This means that if you name your namespace flag_namespace, PSR-0 will interpret it as flag/namespace and attempt to find the class file in a directory that does not exist. This is present in the standard because some frameworks -- most notably Zend -- use underscores as namespace separators. When I found this out, I took a hard look at my class and file names:
Note, that this detail is not in the PSR-0 Change Record for Drupal 8. I had to go back to the de facto PSR-0 page on Github to discover this fact. Instead of finding my classes under drupalRoot/modules/flag/lib/Drupal/flag/Handlers, it was looking under the non-existent directory of drupalRoot/modules/flag/lib/Drupal/flag/Handlers/flag. Furthermore, it was looking for files named flag.php user.php, comment.php, and node.php. As a result, I needed to rename all of my classes and class files to something more consistent with other OOP languages:
Much better! I suspect that many module maintainers will encounter similar problems as using heavily underscored class names was a standard practice in PHP 4.
Using namespaces in a world file forgot
In the previous post, we removed all of the file entries in our *.info file. This is actually because we now have PSR-0. In theory, any PSR-0 compatible class can be "autoloaded" by the PHP interpreter without needing to include it explicitly. One only needs to specify the fully qualified namespace when instantiating the class or calling any of its static methods. Flag module's AbstractFlag class (née flag_flag) is often used to create one of the other concrete flag classes using a factory method.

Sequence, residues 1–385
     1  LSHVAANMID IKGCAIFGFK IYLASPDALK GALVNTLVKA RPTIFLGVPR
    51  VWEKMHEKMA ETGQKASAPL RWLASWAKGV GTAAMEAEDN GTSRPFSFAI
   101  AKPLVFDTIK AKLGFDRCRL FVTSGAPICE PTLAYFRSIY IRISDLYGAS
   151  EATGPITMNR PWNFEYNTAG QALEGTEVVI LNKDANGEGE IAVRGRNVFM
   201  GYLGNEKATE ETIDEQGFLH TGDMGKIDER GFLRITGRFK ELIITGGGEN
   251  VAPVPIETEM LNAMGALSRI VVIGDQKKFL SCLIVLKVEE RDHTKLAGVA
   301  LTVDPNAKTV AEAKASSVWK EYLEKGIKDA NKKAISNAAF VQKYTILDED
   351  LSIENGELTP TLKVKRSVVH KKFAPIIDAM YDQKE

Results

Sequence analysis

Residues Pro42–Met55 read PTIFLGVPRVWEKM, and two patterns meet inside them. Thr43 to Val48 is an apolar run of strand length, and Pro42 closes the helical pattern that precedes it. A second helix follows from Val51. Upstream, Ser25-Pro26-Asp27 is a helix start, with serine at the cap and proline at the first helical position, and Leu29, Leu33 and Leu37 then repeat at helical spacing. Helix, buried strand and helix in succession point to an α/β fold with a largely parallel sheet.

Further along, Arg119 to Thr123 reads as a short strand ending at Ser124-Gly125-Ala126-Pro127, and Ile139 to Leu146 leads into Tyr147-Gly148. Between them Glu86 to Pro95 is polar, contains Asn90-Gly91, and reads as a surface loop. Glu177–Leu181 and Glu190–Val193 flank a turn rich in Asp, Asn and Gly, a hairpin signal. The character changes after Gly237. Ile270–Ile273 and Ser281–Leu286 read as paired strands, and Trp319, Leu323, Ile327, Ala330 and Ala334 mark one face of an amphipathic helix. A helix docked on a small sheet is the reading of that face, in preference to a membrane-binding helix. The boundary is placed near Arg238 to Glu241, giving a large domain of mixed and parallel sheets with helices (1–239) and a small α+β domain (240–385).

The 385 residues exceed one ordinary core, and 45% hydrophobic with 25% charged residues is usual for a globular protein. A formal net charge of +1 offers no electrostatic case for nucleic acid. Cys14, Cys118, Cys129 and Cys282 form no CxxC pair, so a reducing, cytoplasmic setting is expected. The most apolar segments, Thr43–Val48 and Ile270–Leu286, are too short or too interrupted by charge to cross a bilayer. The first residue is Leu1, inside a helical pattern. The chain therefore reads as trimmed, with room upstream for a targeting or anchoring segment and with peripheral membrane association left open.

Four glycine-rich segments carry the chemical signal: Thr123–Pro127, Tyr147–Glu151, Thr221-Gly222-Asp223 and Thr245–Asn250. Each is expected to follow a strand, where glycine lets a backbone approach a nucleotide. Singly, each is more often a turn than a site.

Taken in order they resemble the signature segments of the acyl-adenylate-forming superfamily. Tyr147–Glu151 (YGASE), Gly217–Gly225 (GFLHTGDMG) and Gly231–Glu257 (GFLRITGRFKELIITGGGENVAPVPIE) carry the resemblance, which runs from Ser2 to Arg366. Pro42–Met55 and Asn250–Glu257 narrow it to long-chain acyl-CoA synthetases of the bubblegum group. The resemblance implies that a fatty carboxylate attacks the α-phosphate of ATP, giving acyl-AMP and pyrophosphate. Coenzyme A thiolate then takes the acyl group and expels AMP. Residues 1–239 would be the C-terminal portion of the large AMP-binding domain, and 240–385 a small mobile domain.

In Drupal 7:
In Drupal 8:
Yikes! That's a lot just to call one function! Thankfully, PHP's got ya covered. The slash-delimited part of the call above is the fully qualified path to the class. We can omit that part by using the use statement. At the beginning of any file in which you plan to use a class often, you can insert a use statement and the fully qualified path at the top of the file:
Then, later on in the file, you can omit the fully qualified path and just call the class name directly:
We've covered a lot in this post. We've moved all of our class files, created namespaces, and implemented the PSR-0 standard in Flag. Even after all of that, there's still a lot more work to be done. So far we've just set the stage for the real work that happens next.